As I said earlier, for the European Union, the partnership with this region is one of our most important relationships for the coming decade, and strengthening this partnership is a priority for the European Union. Our strategic cooperation should take place at the nexus of trade, trusted technology, and security, notably in respect of challenges posed by rival governance models. And therefore, I am very pleased that today, Prime Minister Modi and I have agreed to establish an EU-India Trade and Technology Council to tackle key trade, economic and technological challenges. As like-minded partners, the European Union and India will be working on several tracks. We have launched negotiations on a free trade agreement, as well as on investment protection and geographical indications. For Europe, this is a strategic investment in our partnership with India. The European Union is India's third most important trade partner. But we can do so much more. Our trade is far below our potential, both for Indian and European goods and services. So this deal will bring new technologies, new investment and unprecedented integration into shared value chains. We are the two largest democracies in the world, and together we have a lot to give for the benefit of the people.
Ladies and Gentlemen,

We are living, indeed, in a Terra Nova, as the title of this year's Raisina Dialogue suggests. We all have to choose whether we want a Terra Nova to be a wild, dangerous and an unliveable place or a better home for all humankind. I am convinced that democracies will have a crucial role to play in defining the world of tomorrow. I want Europe to be a partner for Asia in shaping this new world. A world of independent yet interconnected countries. Working together for a more prosperous and peaceful world. Working together for the benefit of humankind.
Thank you very much for your attention.

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Statement by President von der Leyen with Indian Prime Minister Modi​

I am very happy visit India and to see you again, Prime Minister. It is the 60th anniversary of relations between the EU and India. Today, our relationship is more important than ever. We have so much in common. We are vibrant democracies, we both support wholeheartedly the rules-based international order and we have both large economies, and we are both facing a challenging global landscape. For the European Union, the partnership with India is one of our most important relationships for the coming decade and strengthening this partnership is a priority.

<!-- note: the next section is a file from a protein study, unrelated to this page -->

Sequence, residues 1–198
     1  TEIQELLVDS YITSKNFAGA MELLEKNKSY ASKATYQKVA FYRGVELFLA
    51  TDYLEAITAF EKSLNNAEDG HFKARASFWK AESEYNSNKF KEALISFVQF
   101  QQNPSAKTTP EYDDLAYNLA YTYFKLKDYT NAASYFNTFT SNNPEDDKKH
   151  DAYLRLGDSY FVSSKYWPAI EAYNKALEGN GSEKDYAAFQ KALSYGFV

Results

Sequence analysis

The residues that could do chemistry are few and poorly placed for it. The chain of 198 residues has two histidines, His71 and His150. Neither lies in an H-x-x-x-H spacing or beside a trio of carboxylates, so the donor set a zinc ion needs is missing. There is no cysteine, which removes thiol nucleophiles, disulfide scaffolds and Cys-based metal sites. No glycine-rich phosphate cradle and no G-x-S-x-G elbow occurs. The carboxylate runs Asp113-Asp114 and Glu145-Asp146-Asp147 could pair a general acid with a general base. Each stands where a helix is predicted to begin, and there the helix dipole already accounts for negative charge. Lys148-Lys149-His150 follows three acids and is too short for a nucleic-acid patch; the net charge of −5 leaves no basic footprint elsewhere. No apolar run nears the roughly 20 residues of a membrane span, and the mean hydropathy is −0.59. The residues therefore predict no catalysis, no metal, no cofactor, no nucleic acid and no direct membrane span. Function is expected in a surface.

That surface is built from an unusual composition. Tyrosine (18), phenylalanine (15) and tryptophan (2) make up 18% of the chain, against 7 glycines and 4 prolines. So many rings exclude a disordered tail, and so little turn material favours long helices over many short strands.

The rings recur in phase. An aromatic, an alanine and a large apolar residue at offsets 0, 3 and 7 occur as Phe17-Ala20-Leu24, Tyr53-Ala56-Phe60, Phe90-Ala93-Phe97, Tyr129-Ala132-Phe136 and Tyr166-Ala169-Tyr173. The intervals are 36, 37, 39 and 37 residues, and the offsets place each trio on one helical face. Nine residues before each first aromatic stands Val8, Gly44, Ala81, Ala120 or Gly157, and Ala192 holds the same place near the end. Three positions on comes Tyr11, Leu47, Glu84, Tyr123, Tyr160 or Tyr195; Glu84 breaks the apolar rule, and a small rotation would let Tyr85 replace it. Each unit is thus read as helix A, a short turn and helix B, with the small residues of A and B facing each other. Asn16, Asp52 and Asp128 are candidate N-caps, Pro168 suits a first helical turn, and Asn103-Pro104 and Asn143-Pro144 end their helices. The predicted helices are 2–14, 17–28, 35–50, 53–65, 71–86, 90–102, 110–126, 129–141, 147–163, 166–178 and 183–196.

And here, I am thinking of three main topics – trade, technology and security. That is why I am pleased that today Prime Minister Modi and I have agreed to establish an EU-India Trade and Technology Council. The EU has only one TTC so far – with the US, and I think it is telling that we now establish the second one with India. Also because India is technologically a powerhouse, and in the trade sector we need to unleash an enormous amount of untapped potential.

I am also glad that we are starting negotiations towards comprehensive trade and investment agreements. And yesterday, on another important topic that we share – climate change – I spent an exciting day at the International Solar Alliance. Energy security is one of the most pressing topics for India as well as Europe. The EU will diversify away from fossil fuels and will invest heavily in clean renewable energy. Therefore, cooperation with India not only on solar but also on green hydrogen is critical.

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Speech by President von der Leyen at the International Solar Alliance​

 

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Germany commits 10 billion euros for green projects in India by 2030​

Germany on Monday committed to provide additional support worth euro 10 billion to India by 2030 to support green growth initiatives. The commitment came during Prime Minister Narendra Modi’s visit to the country — his first trip abroad this year.